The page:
Elbow and knee injuries derailed Yoho’s original ambitions to be a position player at the University of Houston. The Fishers, Indiana, native then transferred closer to home to Indiana University, where he moved to the mound and found tremendous success out of the bullpen as a 23-year-old redshirt senior who had barely played any college baseball because of all his injuries.

Milwaukee gave him a $10,000 signing bonus in the eighth round a year ago, and all Yoho has done is keep on shoving, thanks to a wicked two-seamer and two outstanding secondary pitches in his curveball and changeup. Few teams have been better at identifying unusual yet electric stuff on the mound than Milwaukee in recent years. If Yoho can stay healthy, he might be the latest and greatest example.

The first thing you need to know about this 21-year-old lefty is that he has a 1.97 ERA in 59 1/3 IP this year, with a whopping 99 punchouts across two levels of A-ball. The second thing you need to know about Wilkinson is that his nickname is “Tugboat,” given to him by a family friend who thought the pace at which he ran around the bases as a kid was similar to the speed of, well, a tugboat. At age 12, Wilkinson starred for Team Canada at the 2015 Little League World Series. Six years later, the Vancouver native came stateside to pitch at Central Arizona College, one of the premier junior college programs in the country. In 2023, Wilkinson’s 1.07 ERA across 84 innings with 136 strikeouts earned him the NJCAA Division I Pitcher of the Year award, and he was selected by Cleveland in the 10th round last July.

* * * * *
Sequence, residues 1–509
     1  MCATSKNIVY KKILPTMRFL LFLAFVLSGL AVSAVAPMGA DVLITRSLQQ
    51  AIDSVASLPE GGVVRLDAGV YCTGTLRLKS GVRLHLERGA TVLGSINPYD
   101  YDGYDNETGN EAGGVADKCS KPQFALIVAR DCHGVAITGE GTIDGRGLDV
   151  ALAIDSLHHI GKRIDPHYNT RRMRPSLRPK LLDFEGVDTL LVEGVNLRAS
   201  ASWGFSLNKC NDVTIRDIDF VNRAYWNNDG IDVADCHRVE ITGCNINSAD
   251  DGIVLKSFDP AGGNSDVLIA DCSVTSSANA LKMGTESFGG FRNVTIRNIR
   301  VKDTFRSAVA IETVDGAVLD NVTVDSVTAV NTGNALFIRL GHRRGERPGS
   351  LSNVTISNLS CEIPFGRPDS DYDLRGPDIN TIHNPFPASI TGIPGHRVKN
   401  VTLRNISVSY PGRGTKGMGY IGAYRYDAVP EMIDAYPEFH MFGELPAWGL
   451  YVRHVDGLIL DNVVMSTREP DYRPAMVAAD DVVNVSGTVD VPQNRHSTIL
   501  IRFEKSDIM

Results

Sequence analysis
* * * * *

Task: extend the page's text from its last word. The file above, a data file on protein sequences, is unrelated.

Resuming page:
Despite a fastball that sits around 90 mph, Wilkinson’s exceptional command and deception due to his low-slot delivery enabled his excellence at the junior-college level and a similar degree of dominance in his first full season of pro ball. It remains to be seen how his arsenal, which also features a changeup and slider, will play as he continues to climb the minor-league ladder. But if you like dudes who just know how to pitch — not to mention one with a nickname and personality worthy of fan-favorite status, regardless of his outlandish K/9 — Wilkinson is your guy. Tugboat Forever.